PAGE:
Review: Dear Committee Members

Posted 24 August, 2015 by Lianne in Books / 2 Comments

Dear Committee Members
By: Julie Schumacher
Format/Source: Paperback; my purchase

Jason Fitger is a beleaguered professor of creative writing and literature at Payne University, a small and not very distinguished liberal arts college in the midwest. His department is facing draconian cuts and squalid quarters, while one floor above them the Economics Department is getting lavishly remodeled offices. His once-promising writing career is in the doldrums, as is his romantic life, in part as the result of his unwise use of his private affairs for his novels. His star (he thinks) student can’t catch a break with his brilliant (he thinks) work Accountant in a Bordello, based on Melville’s Bartleby.

In short, his life is a tale of woe, and the vehicle this droll and inventive novel uses to tell that tale is a series of hilarious letters of recommendation that Fitger is endlessly called upon by his students and colleagues to produce, each one of which is a small masterpiece of high dudgeon, low spirits, and passive-aggressive strategies. We recommend Dear Committee Members to you in the strongest possible terms.

This book has been on my wishlist ever since I first heard of it. Academia + letters of reference + passive-aggressive professor = why not? I was so happy when my pre-ordered paperback arrived that I started reading the book immediately xD

Oh, man, what can I say about this book? I thought his passive-agressiveness was going to be subtle but it can be so blatant and sarcastic and droll in its inappropriateness that I can’t help but chuckle. Jay is clearly disillusioned by his job, by the institution and what has become of higher education, by society. There’s truth in what he says, at how higher education has evolved over the years and by some of the careers that new graduates pursue after finishing their degree programmes, and he certainly conveys his opinions is quite a flourishing manner.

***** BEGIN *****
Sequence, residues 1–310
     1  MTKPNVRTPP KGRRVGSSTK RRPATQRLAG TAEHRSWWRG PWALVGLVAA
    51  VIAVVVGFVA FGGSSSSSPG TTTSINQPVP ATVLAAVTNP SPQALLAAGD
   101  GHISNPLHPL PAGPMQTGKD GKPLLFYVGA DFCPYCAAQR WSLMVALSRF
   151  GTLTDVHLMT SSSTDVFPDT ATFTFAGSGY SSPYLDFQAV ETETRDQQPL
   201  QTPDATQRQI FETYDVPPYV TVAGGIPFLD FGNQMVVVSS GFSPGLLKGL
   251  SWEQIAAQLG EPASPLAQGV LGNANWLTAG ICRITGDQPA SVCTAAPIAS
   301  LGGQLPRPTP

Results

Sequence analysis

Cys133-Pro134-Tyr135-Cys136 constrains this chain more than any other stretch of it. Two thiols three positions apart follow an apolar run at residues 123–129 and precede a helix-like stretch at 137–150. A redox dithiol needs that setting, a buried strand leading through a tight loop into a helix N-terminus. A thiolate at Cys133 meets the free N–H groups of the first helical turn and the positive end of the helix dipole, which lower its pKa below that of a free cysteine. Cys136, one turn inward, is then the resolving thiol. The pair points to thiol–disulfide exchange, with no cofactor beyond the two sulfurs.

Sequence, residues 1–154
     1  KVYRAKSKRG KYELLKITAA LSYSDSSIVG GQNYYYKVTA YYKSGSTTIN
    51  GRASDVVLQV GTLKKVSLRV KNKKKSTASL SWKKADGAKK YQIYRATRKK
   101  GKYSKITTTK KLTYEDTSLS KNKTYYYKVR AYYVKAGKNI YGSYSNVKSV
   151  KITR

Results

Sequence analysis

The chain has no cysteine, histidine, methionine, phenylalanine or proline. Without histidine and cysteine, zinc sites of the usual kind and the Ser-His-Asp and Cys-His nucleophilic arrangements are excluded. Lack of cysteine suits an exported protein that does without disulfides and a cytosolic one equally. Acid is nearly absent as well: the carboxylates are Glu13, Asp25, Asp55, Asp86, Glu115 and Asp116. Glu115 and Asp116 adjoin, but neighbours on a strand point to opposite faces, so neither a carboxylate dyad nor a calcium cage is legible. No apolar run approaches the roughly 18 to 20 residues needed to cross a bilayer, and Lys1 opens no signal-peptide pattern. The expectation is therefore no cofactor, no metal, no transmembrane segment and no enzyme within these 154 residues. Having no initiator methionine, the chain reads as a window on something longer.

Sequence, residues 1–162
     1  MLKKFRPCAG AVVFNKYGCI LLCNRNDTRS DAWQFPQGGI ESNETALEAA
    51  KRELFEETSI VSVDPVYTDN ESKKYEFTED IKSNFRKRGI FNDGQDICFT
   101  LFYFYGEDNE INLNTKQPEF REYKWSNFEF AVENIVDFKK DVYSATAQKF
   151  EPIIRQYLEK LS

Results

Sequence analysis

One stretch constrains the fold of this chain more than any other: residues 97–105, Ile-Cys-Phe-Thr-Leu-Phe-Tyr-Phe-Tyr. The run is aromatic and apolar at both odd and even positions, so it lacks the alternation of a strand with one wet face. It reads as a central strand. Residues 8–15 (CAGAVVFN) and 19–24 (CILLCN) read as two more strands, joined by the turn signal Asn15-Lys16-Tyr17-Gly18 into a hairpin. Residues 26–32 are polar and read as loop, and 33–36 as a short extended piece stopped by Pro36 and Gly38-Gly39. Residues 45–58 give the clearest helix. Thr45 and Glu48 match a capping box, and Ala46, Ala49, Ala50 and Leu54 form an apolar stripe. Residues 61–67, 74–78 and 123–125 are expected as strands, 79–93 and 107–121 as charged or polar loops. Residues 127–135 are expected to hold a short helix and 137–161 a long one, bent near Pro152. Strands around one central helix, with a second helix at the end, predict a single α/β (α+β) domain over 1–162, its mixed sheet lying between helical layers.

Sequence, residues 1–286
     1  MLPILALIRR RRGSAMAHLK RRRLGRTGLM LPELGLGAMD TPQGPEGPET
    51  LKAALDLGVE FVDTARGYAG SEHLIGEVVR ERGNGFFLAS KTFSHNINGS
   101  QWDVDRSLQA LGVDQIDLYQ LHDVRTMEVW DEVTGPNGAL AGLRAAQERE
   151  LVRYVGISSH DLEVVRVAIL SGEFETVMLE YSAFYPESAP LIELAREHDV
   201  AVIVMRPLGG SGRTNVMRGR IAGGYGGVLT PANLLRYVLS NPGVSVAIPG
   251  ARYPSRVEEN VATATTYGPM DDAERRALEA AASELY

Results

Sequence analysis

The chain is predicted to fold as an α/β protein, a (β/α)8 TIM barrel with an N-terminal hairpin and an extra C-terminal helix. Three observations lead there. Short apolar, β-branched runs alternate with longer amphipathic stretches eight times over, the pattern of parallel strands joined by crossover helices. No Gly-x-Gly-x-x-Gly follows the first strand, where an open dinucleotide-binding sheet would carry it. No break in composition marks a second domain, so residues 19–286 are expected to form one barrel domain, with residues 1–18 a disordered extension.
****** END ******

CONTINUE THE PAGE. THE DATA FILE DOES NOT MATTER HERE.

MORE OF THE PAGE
It was also quite a shock, surprise, and hilarious delight to see how his personal life has a way of creeping into his letters of recommendation, namely to his ex-wives and ex-girlfriends, mixing university business with personal appeals and reminiscing their time together, analysing their relationships and the breakdown of it and his own personal failings.

But despite of his passive-aggressive remarks, his disappointments and disdains, his letters do shed light on things he holds true, things he believe in: he advocates tirelessly for students he believes in–namely Darren Bowles–and for colleagues. Reading this book, while more about following Jason Fitger over the course of a school year and following the things he has to deal with in academia and less about a particular plot, feels like a sort of cycle as Jay goes through periods of exasperation, disillusionment before coming to a sense of peace at the end of the school year and hope for a fresh new beginning the following semester.

Like the book blurb, I cannot recommend Dear Committee Members enough 😉

Rating: ★★★★★

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